CFTC Interpretive Guidance: Disruptive Trading Practices
|FINAL RULE: Interpretive Guidance on disruptive trading practices approved at CFTC Open Meeting, May 16, 2013|
|Proposal Date||Comment Deadline||Effective Date|
|March 18, 2011||May 17, 2011||May 28, 2013|
At a May 16, 2013 open meeting the CFTC approved a final rule that sets out interpretive guidance on disruptive trade practices. The rule entered the Federal Register on May 28, 2013, and became effective immediately.
On February 24, 2011, the CFTC held an open meeting on the Twelfth Series of Proposed Rules under the Dodd-Frank Act. Among the topics at this meeting was an interpretive order proposal regarding disruptive trading practices. The proposal defines as disruptive any practice that:
- violates bids or offers;
- demonstrates intentional or reckless disregard for orderly execution; or
- is of the character of, or is commonly known to the trade as, “spoofing” (bidding or offering with the intent to cancel the bid or offer before execution).<ref>Open Meeting on Twelfth Series of Proposed Rules under the Dodd-Frank Act. CFTC. Retrieved on February 26, 2011.</ref>
Summary of the Interpretive Guidance
For entities operating "in any trading environment where a person is not utilizing trading algorithms that automatically match the best price for bids and offers," prohibits a person from buying a contract on a swap execution facility (but only on the SEF's order book) or designated contract market at a price that is higher than the lowest available price offered for such contract or selling a contract at a price that is lower than the highest available price bid for such contract.
Also, the prohibition against reckless conduct applies to "any trading, conduct or practices occurring within the closing period that demonstrates an intentional or reckless disregard for the orderly execution of transactions during the closing period."
Trading Scenarios Proposed by Commissioner Scott O'Malia Regarding Disruptive Trading Practices
|What||A HFT strategy that rapidly sends and cancels the same order many times to create the (false) appearance of liquidity.|
|How||The real resting market is 7 bid at 9 offer. A high speed strategy sends an 8 offer for the shortest amount of time possible and then cancels it as quickly as possible. If nothing happens, it sends the same offer again and then cancels it. The 8 offer is rapidly offered and canceled so many times that it appears to the world that the real resting market is 7 bid at 8.|
|Why||Increases chances to make certain trades, in this case trying to sell 9s. If someone sees the 7 bid at 8 market and places an order to buy "at the market" price, they end up paying 9. Additionally, if someone puts in an 8 bid, the strategy stops sending the 8 offers and the new real market is now 8 bid at 9. This is a desirable outcome for anyone who is trying to sell 9s.|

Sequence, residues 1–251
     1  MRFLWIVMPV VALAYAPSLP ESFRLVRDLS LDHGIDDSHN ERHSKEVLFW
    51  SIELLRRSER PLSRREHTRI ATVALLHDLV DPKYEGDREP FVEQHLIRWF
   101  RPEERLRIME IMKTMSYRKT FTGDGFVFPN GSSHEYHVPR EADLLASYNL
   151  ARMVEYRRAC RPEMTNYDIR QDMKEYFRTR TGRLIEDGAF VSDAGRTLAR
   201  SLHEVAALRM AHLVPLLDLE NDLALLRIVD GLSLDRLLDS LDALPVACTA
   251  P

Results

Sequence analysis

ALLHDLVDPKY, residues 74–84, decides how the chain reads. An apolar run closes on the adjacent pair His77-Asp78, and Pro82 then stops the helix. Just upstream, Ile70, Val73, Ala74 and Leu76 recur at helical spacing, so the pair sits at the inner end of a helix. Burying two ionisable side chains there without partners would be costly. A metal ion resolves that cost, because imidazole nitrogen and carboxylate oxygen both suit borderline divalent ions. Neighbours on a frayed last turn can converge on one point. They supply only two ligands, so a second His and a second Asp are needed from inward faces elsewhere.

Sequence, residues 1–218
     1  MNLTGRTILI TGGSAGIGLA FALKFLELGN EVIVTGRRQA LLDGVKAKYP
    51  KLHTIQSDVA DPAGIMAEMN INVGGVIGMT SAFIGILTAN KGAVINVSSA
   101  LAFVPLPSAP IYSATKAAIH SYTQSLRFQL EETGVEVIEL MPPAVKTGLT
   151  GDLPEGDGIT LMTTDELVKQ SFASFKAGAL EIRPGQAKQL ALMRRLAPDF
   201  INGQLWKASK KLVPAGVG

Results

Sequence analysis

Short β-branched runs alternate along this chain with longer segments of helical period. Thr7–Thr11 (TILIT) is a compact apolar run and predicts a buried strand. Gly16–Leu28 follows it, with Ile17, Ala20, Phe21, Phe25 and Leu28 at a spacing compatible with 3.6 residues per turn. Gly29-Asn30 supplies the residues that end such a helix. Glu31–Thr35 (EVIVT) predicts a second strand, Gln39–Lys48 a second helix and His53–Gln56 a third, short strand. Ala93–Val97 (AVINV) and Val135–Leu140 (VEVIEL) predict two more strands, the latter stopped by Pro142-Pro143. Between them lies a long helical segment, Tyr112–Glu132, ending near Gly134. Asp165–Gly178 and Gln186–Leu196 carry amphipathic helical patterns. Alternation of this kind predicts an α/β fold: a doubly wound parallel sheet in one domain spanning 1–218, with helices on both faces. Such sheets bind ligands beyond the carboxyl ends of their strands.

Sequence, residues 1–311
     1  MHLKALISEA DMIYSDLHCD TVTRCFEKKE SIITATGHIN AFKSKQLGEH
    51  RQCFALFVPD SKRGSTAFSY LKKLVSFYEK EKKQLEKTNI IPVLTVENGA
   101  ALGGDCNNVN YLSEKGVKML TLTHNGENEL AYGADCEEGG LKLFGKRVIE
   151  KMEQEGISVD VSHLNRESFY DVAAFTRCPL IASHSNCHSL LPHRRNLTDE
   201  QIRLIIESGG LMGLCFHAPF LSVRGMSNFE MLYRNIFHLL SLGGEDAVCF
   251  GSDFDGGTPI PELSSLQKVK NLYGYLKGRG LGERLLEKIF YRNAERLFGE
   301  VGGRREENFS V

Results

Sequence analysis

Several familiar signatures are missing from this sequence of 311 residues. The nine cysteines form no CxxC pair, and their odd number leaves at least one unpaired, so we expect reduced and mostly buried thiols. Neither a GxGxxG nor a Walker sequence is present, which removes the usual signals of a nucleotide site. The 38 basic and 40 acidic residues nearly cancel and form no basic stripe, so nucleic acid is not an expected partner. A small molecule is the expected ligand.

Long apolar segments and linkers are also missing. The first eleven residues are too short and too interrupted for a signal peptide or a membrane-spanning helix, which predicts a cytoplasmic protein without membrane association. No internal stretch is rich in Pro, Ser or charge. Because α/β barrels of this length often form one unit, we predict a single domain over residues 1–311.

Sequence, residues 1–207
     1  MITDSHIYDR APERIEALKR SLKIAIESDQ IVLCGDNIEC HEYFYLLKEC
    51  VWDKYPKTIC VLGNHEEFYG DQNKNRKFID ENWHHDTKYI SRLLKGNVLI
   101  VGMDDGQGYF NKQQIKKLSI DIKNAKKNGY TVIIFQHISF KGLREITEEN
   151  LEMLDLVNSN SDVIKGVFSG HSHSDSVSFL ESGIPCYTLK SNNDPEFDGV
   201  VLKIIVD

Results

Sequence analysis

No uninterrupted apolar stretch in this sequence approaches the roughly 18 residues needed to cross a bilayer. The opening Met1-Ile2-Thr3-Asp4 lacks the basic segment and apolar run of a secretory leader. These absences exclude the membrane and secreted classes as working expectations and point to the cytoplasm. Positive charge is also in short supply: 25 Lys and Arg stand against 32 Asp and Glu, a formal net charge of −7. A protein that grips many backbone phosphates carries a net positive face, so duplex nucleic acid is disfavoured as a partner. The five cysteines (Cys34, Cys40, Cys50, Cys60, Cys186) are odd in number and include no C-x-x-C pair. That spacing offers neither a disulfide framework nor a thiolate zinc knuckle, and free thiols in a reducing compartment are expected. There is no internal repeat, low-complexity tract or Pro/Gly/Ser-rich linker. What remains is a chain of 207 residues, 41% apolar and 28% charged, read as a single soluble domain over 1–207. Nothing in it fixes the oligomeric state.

|Priority Positioning (or Laddering)|
|What||A HFT strategy for highly liquid markets. Extracts profits from a market by using speed to gain superior positioning. This strategy adds very little or no benefit to (or even harms) the market place, as it seeks to intercept trading that would otherwise take place and extract profits from the system without participating in the transference of risk.|
|How||A highly liquid futures market is 3 bid at 4. A HFT strategy joins the 3 bid and/or the 4 offer. The high speed strategy may also “ladder” the book with 2 bids, 1 bids, etc. and/or 5 offers, 6 offers, etc. The overall goal of this HFT strategy is to get their bids and/or offers to eventually be at the top of the book (to be first in line), with other market participants on the same bids and/or offers, but behind them in priority.|
|Why||With a high speed system, a HFT strategy can rest at the top of the book and hope to scalp a profit by buying on the bid and selling on the offer. It can then reload and do this all day long. And, if the strategy makes a trade but it seems unlikely that it will be able to scalp it for a profit, it simply gets out of the trade for a scratch by trading with orders behind it in the queue.|
|What||A HFT strategy that relies on ultra high speeds to observe a trade take place in the marketplace (that they took no part in), so as to rush and buy or sell the underlying stock or future in front of the anticipated forthcoming hedge orders.|
|How||The market for some E-mini S&P500 call option is 3 bid at 4, 1000 up. A HFT firm is not on either side of the market but is monitoring it closely. A customer then sends an order to sell 1000 calls at 3 and the trade takes place. The HFT strategy, having nothing to do with this trade, uses its high speed data to observe the trade taking place and races and sells a bunch of E-mini futures in front of any of the call buyers can sell (hedge) any of their required futures.|
|Why||In addition to front-running the market by selling futures ahead of anticipated hedging sell orders, the HFT strategy will typically simultaneously also place bids in the futures market at a slightly lower price, often resulting in an immediate scalp as the hedging sell orders get filled by the HFT bids at lower prices.|
Related Documents: Fact Sheet, Q&A, Federal Register Entry